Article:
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JPI PeaceTalk
Subject JPI PeaceTalk with David KANG, Professor of International Relations, Business, and East Asia Languages & Cultures, University of Southern California
Author JPI  (admin)
File
  20181030_173847.jpg  (259KByte)
2018-10-30 오후 5:47:06

 

 

 

 


Q1. Could you briefly introduce yourself to JejuTube viewers?

 

I'm David Kang, professor at the University of Southern California, and Director of Korean Studies Institute

 

Q2. Building conditions for peace in the Korean peninsula have been in full swing since the inauguration of the Moon Jae-in administration. With North Korea’s participation in the PyeongChang Winter Olympics serving as the momentum for two Panmunjom inter-Korean Summits, North Korea-China Summit and US-North Korea Summit, the North has been pushing forward for negotiations with the US to exchange its denuclearization for regime security guarantee. Now appears to be a timely moment for the larger, more powerful neighbors – such as the US, China, Japan, and Russia - to put in a “concerted effort” in close coordination with South Korea in order to contribute to the denuclearization of North Korea and tension reduction on the Korean Peninsula. What do you think is the most important roles that they should play?

 

I think all the countries has a role to play. South Korea is clearly the most important country, but in many ways, the actions that, say, China, particularly China and Russia and US can take, can move the process forward and I think what we're seeing with China right now is an attempt to move diplomacy forward which is what they were always asked for. So in many ways I think they're going to play a supporting role, but also a critical role. For example, in many ways what I think North Korea has tried to do is to follow their Byungjin Line. It's very clear. They want nuclear weapons and they also want economic development. So in many ways, China or South Korea find ways to interact economically with the North to help draw out the country, bring it into the international community and hopefully, affect the lives of North Korean citizens with more access to better markets and better goods.

 

Q3. Since the start of the Trump administration in the US and the Brexit referendum, it seems that global politics and economics are entering a new phase focused on ‘my country first.’ This contrasts from globalism and regionalism, which are largely based on ‘free trade,’ ‘rule of law,’ and ‘human rights.’ What do you think the future of the economic order in East Asia will be? Will Trump’s protectionism reinvigorate the American economy? Will Japan recover from its 'lost decade'? Will China cope with the economic downturn? Will Russia place a stronger emphasis on the far eastern region than before?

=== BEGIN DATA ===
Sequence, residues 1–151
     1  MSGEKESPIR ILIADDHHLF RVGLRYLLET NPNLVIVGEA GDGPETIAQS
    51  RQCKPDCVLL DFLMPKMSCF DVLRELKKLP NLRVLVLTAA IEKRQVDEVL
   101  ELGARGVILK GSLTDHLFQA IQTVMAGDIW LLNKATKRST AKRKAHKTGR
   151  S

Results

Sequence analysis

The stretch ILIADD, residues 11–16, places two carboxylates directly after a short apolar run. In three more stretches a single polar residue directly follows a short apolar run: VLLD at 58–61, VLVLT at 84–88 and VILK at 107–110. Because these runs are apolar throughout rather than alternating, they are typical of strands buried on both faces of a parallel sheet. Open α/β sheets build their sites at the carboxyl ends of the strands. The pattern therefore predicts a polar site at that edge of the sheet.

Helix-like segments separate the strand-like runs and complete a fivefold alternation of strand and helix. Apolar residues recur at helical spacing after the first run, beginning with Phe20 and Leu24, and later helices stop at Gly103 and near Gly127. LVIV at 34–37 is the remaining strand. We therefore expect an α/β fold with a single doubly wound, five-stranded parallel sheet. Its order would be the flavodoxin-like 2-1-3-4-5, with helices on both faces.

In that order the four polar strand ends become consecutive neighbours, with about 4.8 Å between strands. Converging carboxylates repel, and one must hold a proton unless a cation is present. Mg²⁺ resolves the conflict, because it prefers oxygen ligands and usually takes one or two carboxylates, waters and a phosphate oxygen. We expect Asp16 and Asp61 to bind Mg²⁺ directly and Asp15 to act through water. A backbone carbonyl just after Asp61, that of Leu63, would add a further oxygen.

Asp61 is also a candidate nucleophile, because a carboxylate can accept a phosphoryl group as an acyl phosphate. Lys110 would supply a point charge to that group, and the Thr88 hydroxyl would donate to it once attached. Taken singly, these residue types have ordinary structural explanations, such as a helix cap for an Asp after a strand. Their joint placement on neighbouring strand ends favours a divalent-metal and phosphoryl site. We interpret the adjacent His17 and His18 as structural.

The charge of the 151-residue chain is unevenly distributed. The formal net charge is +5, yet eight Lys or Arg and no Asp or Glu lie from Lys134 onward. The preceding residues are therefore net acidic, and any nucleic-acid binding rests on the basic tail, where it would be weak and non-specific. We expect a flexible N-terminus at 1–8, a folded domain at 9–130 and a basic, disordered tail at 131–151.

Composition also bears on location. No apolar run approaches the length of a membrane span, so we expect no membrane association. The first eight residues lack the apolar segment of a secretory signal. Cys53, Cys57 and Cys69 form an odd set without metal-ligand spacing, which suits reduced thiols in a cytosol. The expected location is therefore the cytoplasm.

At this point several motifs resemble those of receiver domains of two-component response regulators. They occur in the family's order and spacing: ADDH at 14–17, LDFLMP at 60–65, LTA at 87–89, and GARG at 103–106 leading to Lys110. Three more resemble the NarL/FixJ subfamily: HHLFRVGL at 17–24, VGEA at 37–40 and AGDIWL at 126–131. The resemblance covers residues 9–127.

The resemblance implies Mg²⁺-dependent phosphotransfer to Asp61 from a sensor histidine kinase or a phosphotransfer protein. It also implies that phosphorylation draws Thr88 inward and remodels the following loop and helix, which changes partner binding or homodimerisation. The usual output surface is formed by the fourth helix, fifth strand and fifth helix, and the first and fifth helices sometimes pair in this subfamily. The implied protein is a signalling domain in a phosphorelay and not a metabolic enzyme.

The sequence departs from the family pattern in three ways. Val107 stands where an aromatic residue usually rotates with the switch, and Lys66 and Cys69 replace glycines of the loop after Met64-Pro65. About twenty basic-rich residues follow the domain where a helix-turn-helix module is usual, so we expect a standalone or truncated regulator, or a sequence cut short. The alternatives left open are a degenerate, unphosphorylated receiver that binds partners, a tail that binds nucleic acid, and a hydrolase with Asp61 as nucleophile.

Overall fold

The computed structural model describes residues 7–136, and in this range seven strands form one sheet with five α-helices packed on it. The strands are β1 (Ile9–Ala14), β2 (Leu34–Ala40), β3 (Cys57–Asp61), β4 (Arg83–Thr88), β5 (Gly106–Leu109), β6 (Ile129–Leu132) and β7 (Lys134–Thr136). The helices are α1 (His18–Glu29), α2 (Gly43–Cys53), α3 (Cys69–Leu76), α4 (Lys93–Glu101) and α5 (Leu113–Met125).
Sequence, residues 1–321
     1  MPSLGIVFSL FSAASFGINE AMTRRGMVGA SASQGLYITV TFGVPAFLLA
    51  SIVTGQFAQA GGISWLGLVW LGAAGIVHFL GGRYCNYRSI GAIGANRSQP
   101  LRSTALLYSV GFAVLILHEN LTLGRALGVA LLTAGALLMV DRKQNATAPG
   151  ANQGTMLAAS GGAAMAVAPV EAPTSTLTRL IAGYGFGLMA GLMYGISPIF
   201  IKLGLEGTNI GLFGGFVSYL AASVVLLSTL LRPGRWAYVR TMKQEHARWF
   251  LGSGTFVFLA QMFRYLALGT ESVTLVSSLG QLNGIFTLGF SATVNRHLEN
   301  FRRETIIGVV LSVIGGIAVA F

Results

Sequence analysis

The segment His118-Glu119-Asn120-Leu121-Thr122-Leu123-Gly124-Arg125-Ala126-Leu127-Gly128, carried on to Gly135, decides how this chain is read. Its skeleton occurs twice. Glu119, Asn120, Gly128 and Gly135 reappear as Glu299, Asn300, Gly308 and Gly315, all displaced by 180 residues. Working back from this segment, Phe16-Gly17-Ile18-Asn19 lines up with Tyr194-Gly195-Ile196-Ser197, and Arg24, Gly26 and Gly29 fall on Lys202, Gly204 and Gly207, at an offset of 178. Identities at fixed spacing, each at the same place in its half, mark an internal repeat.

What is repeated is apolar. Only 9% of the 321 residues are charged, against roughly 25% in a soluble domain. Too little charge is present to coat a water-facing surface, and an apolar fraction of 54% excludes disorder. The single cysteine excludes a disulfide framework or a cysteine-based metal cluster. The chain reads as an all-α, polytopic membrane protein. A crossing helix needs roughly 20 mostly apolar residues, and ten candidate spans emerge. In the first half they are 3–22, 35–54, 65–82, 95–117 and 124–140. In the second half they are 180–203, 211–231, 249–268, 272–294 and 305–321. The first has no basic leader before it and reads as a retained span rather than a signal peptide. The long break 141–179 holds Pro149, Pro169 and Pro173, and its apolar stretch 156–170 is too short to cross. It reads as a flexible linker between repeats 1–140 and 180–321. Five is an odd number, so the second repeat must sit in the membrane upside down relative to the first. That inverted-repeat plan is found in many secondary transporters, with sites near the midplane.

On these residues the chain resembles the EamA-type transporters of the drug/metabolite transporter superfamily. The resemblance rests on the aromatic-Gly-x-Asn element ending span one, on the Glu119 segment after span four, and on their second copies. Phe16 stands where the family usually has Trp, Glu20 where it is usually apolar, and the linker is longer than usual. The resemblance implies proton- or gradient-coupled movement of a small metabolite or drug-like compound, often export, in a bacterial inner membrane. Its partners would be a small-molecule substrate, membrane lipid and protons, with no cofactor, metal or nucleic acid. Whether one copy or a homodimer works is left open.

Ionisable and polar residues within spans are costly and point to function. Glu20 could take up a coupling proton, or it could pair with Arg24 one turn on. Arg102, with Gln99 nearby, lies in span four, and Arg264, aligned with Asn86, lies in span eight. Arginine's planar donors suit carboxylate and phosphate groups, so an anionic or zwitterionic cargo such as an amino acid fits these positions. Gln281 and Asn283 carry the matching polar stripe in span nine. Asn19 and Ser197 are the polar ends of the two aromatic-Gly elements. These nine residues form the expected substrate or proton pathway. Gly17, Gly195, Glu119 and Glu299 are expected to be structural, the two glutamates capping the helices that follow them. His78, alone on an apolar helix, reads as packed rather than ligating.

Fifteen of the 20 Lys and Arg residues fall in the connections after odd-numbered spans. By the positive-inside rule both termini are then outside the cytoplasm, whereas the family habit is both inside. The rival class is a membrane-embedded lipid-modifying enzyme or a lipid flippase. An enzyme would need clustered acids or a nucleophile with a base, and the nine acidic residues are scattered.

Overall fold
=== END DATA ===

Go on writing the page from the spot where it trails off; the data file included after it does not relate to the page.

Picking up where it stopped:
When we think about “my country first,” or trade protection, those are American moves. And those are American moves that probably are going to be more temporary than not. I mean Trump can do a lot of damage to the regional trading order but the thing we overlooked is that regional trade in East Asia has been driven by East Asian countries, not by the United States and not by China. We forget the trans-pacific partnership, TPP, was not a US containment policy. It was not a US policy. It originated in the countries in the region as a way to move forward even though the US wasn't interested in it at first, then became interested and now back to being not interested. RCEP, the Regional Community for Economic Partnership, is not a Chinese initiative. It is an ASEAN initiative. Both of those are regional trading orders and the thing we overlook is that East Asian countries are working together now, despite what the bigger countries are doing. I think that trend is only going to continue. So in many ways when we think about the future of regional trade, I think there could be big spats. I think there could be really damaging trade wars between the US and China. But fundamentally the countries in the region are moving forward and they've been moving forward and that's only going to continue.

 

Q4. Should we make something right now for the future, given the reality that populism, nationalism and America-first policy have appeared in in domestic politics as well as world politics? If this will pose a serious challenge to democratic values, what would be a reasonable strategy to overcome it?

 

You know, as political scientists, we spend so much time focused on institutions and the rules of the game. The older I get, the more I realized that those are actually secondary and what really matters are leaders and the values they espouse. That's why in some ways Trump is such a challenge both to the United States domestically and to the world order. He's the leader of the most powerful country in the world and he's espousing a number of values that are anti-free trade, as you pointed out very much about nationalism and populism. On the other hand, the role then for other countries is to espouse the values of free trade, human rights and liberalism. There is room here and it's actually even more important now that countries like South Korea or Japan or Europe are making very clear the values they stand for and that's what's going to happen. These things are being decided today.